The world doesn't always make sense. Witness Mike's blog post on some convoluted language in a news story.

I understand that people make mistakes - I do all the time. My personal philosophy is honesty is always the best policy, and if you're upfront people tend to be more forgiving and understanding. One of my biggest pet peeves in the world is hypocrisy - and when your hypocrisy harms others, that's even worse.

Many Republicans have opposed granting federal rights to GBLT couples. A marriage is defined as between a man and woman, they say. (And of course some Democrats believe this too, but to a lesser extent.)

Whether you agree with this or not is not the problem (for the purposes of this post) - the problem comes when you aren't following through on your beliefs, following through on your statements, acting logically based on these beliefs, and then condemning others.

An article posted today on Reuters makes this point perfectly. It begins:

With a tearful admission and groveling apologies, South Carolina Gov. Mark Sanford on Wednesday became the latest member of a fast-growing club of U.S. politicians - the penitent sexual wanderers.
As I said, we all make mistakes, and I'm not going to live in a glass house and throw stones. But I take issue when they (a) are documented hypocrites, and (b) still continue to persecute those who want to live honestly. The reason I mentioned Republicans above is not to pick on the party as a whole, but because they are known as "family first" and against GBLT marriage/partner rights. And it seems as if the loudest people in the fight are the ones that fall the hardest. Case in point, recent Republican scandals, according to the Reuters article:

(a) Louisiana Sen. David Vitter is considered a strong candidate for re-election next year despite admitting he had been a customer of a Washington D.C. prostitution ring.

(b) Nevada Senator John Ensign is hoping for political survival after confessing he had an affair with a campaign aide who was married to one of his top legislative advisers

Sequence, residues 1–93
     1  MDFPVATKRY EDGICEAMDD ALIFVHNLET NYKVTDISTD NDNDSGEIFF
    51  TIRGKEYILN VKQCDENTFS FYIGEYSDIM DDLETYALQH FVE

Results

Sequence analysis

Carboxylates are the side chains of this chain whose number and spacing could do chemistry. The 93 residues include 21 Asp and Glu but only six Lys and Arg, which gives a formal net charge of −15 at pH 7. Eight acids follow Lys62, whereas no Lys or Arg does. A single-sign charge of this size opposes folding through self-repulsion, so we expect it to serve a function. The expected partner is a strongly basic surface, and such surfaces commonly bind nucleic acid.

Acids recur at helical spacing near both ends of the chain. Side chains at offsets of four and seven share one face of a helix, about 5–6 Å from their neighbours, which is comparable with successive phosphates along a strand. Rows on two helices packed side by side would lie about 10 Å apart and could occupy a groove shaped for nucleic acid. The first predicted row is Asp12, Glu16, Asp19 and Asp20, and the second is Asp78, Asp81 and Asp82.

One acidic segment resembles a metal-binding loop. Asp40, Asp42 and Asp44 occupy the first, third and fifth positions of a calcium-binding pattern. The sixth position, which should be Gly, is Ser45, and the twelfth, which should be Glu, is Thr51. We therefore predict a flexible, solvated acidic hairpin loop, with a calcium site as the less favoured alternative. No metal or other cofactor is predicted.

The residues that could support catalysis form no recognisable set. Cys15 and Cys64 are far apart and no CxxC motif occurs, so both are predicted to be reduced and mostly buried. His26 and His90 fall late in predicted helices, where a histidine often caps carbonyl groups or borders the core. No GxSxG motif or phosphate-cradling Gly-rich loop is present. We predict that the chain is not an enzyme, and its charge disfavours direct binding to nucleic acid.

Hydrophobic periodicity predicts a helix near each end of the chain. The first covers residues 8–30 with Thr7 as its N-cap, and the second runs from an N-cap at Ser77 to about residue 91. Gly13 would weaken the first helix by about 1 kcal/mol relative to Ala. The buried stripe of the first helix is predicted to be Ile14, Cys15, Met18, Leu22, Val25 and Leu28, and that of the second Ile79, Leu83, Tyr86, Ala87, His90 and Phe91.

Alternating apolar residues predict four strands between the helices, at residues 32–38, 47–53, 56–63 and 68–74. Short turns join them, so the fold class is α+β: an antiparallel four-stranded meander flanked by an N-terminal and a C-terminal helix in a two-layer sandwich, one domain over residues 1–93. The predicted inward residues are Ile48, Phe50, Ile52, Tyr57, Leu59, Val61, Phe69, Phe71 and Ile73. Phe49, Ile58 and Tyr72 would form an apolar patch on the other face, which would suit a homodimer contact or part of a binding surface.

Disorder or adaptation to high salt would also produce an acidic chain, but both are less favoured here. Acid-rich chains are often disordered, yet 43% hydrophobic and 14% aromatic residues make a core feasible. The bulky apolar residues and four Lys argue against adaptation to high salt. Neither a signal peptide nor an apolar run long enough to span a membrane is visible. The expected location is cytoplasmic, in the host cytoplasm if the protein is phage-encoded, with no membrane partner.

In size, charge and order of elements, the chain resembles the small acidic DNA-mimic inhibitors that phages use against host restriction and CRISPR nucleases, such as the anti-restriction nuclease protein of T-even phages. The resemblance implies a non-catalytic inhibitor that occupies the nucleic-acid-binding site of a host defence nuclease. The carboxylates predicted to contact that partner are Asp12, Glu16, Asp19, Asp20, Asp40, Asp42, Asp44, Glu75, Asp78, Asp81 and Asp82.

(c) Congressman Mark Foley resigned in 2006 after he was revealed to have sent sexually explicit messages to congressional pages.

(d) Former Idaho Senator Larry Craig finished his term but did not run for re-election after pleading guilty to disorderly conduct. He was arrested in a Minneapolis airport men's room by an undercover officer who said he was soliciting sex (and he's denied vehemently that he's gay every since).

Not just Republicans, of course - former N.J. Governor James McGreevey announced he was gay - but he had fought for gay rights and resigned when the scandal broke. And former N.Y. governor Eliot Spitzer resigned after the prostitution ring scandal - but he had tried to legalize same-sex marriage in the state, and he resigned after the scandal broke.

Now, Gov. Sanford hasn't resigned at this point. But when news broke about the Clinton/Lewinski affair, Sanford publicly said, "I think it would be much better for the country and for him personally (to resign). I come from the business side. If you had a chairman or president in the business world facing these allegations, he’d be gone." So...does that only apply to others, and not you, Sanford?

"When we do these kinds of things like what happened with Ensign and now with Sanford it hurts our credibility as a party of good governing and of values," said Ron Kaufman, a Republican lobbyist who is close to Mr. Romney, in this NY Times article.

Right. Especially when you say that marriage is defined between a man and a woman, and gays shouldn't be allowed to have marriage/partner rights, but then you violate the sanctity of marriage by cheating and/or being gay yourself. Why should heterosexuals be allowed to screw up marriage, but gays don't even get the chance to be married at all? Heteros are harming the institution of marriage - but that's ok because it's a man and a woman?

A nice summary quote ended the NY Times article: "I think there is somewhat of an identity crisis in the Republican Party," said Tony Perkins, president of the Family Research Council, an evangelical group in Washington. "Are they going to be a party that attracts values voters, and are they going to be the party that lives by those values?"

Exactly. And this goes for anyone, any party, any time.